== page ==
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Costa Ricans scrambled to pay taxes by hand after cyberattack took down country’s collection system

The attack on Costa Rica’s government is the largest known single criminal ransomware attack to date against one country’s government.

Costa Ricans struggled to pay taxes by hand Monday after a ransomware cyberattack took down the country’s online tax collection system.

Several Costa Rican government agencies, including the Finance Ministry, are severely hampered after an international cybercriminal gang called Conti locked their systems last month and demanded a ransom payment to make them operable again. The country’s new president, Rodrigo Chaves, declared a state of emergency last week soon after he was sworn in.

Ransomware attacks have become common in recent years, with cybercriminals often strategically attacking businesses and smaller government organizations at times when shutdowns would come at high cost to provide incentives for victims to pay.

The cybersecurity company Emsisoft has estimated that ransomware attacks cost victims more than $600 million in the U.S. last year. But the attack on Costa Rica’s government is the largest known single criminal ransomware attack to date against one country’s government.

Costa Ricans normally pay taxes through an online system, which is still inoperable with Finance Ministry networks down. The country has delayed some tax deadlines until August at the earliest because of the attack. But it’s still collecting a monthly value-added tax on sales and imports. 

With no option to pay the VAT online, the Finance Ministry has instructed people to download a program called EDDI7, which works only on Windows operating systems, and then fill in their tax information, print out the forms and physically take them to government-approved banks to pay their taxes.

That system has led to a host of problems, such as customers’ waiting at banks for hours to pay on Monday, reported El Financiero, a Costa Rican financial newspaper.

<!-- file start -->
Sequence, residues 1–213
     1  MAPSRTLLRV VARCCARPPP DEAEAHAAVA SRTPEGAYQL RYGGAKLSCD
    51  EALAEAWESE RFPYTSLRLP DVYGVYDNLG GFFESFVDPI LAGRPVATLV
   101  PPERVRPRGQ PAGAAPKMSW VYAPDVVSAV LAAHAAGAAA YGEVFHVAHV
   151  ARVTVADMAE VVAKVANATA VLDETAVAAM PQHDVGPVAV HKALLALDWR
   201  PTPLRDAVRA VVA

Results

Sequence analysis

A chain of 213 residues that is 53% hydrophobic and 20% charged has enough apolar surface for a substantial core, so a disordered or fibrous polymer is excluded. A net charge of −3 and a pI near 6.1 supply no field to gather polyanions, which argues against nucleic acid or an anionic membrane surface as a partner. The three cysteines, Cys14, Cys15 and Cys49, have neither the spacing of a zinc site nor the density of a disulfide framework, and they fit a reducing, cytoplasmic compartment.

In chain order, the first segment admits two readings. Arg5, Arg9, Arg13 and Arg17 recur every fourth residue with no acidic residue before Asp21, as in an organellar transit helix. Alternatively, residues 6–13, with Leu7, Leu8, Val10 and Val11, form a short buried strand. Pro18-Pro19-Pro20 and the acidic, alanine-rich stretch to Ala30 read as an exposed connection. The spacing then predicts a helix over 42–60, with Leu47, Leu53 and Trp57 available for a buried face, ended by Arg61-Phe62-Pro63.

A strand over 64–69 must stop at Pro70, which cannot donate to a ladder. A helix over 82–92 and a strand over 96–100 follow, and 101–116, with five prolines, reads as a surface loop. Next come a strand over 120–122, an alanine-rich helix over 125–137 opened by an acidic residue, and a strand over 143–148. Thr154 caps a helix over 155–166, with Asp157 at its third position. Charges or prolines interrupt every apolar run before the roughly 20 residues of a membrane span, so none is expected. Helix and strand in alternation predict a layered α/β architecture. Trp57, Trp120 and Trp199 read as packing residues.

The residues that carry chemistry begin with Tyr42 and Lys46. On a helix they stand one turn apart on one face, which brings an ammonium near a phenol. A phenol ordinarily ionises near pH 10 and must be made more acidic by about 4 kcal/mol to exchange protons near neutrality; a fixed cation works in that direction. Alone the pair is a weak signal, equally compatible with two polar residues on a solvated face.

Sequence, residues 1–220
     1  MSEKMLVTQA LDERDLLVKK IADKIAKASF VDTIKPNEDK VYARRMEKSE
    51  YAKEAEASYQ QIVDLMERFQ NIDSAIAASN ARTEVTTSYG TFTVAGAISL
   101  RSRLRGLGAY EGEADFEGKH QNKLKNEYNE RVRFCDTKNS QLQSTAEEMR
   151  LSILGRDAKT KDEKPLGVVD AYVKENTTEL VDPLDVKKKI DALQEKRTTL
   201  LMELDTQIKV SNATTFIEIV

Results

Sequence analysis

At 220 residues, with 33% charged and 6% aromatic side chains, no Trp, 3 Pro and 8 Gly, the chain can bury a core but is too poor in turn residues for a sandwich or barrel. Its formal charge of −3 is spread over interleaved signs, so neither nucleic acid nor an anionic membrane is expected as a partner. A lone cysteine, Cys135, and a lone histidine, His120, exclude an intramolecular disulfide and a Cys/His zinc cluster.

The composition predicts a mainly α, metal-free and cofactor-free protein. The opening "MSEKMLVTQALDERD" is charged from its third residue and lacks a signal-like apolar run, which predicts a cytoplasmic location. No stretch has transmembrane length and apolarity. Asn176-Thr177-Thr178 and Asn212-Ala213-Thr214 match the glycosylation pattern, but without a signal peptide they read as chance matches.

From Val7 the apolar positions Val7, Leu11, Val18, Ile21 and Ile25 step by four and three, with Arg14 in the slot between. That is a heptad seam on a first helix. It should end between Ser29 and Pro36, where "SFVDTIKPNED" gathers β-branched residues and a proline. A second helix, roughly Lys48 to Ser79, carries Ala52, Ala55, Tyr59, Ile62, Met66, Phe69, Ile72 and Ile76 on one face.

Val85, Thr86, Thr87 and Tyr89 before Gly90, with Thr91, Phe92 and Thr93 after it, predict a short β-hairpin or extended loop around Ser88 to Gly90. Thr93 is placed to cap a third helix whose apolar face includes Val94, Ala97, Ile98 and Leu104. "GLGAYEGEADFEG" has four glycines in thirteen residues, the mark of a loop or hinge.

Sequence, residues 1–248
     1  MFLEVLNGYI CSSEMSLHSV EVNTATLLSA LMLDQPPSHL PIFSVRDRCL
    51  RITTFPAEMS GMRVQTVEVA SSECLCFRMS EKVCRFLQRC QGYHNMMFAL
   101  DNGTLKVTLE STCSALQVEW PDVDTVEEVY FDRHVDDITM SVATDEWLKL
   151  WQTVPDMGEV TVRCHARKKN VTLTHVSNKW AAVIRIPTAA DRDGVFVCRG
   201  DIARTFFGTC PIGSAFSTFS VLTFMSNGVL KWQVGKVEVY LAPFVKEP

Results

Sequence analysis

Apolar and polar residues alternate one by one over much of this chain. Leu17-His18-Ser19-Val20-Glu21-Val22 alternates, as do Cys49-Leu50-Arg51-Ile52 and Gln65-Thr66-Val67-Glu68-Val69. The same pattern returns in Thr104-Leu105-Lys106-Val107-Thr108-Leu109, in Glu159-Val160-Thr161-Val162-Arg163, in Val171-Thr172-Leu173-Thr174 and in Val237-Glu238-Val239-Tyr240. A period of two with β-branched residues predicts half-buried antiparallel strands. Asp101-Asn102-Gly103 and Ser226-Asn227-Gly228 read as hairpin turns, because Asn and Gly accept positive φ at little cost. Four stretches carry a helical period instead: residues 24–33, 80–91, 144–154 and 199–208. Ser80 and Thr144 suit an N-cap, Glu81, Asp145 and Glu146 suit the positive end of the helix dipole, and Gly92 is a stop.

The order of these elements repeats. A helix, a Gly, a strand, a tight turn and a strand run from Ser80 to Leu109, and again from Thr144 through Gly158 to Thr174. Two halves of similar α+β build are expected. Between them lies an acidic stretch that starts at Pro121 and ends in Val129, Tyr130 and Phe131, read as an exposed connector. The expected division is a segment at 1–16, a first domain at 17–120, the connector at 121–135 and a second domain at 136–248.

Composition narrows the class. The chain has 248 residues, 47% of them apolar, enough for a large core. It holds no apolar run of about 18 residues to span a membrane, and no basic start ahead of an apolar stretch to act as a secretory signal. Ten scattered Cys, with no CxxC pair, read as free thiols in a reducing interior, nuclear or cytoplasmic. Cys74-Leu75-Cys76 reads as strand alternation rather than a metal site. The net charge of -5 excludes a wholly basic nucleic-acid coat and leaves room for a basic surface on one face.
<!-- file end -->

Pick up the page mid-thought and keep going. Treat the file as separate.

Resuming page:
Alex Vargas, a photographer who lives in a coastal area far from the capital, San José, said that because he uses only Apple Macintosh computers at his office, he had to take his business filings home to use the program on his home computer and then spend the day traveling to and from an approved bank because his local one wasn’t authorized to collect the VAT.

“The whole country is trying to pay taxes at the same time,” Vargas said in a Twitter direct message. “Going to a bank is not the problem. The problem is wasting 2 hours there or more.”

And the EDDI7 app is counterintuitive, Vargas said. 

“The app looks like a program from more than 20 years ago,” he said.

Conti, one of the most notorious active cybercriminal gangs, previously locked up computer networks for Ireland’s national health care system, with estimated costs associated with the attack rising as high as 100 million euros ($105 million).

After the cyberattack on Costa Rica, the U.S. State Department offered a reward of $10 million for information leading to Conti leaders.

Chaves said Monday that Conti had collaborators working within his country’s government, according to an account of a news conference translated and reported by The Tico Times, a Costa Rican news outlet.

“We are at war and that is not an exaggeration,” Chaves said. “People inside the country are collaborating with Conti.”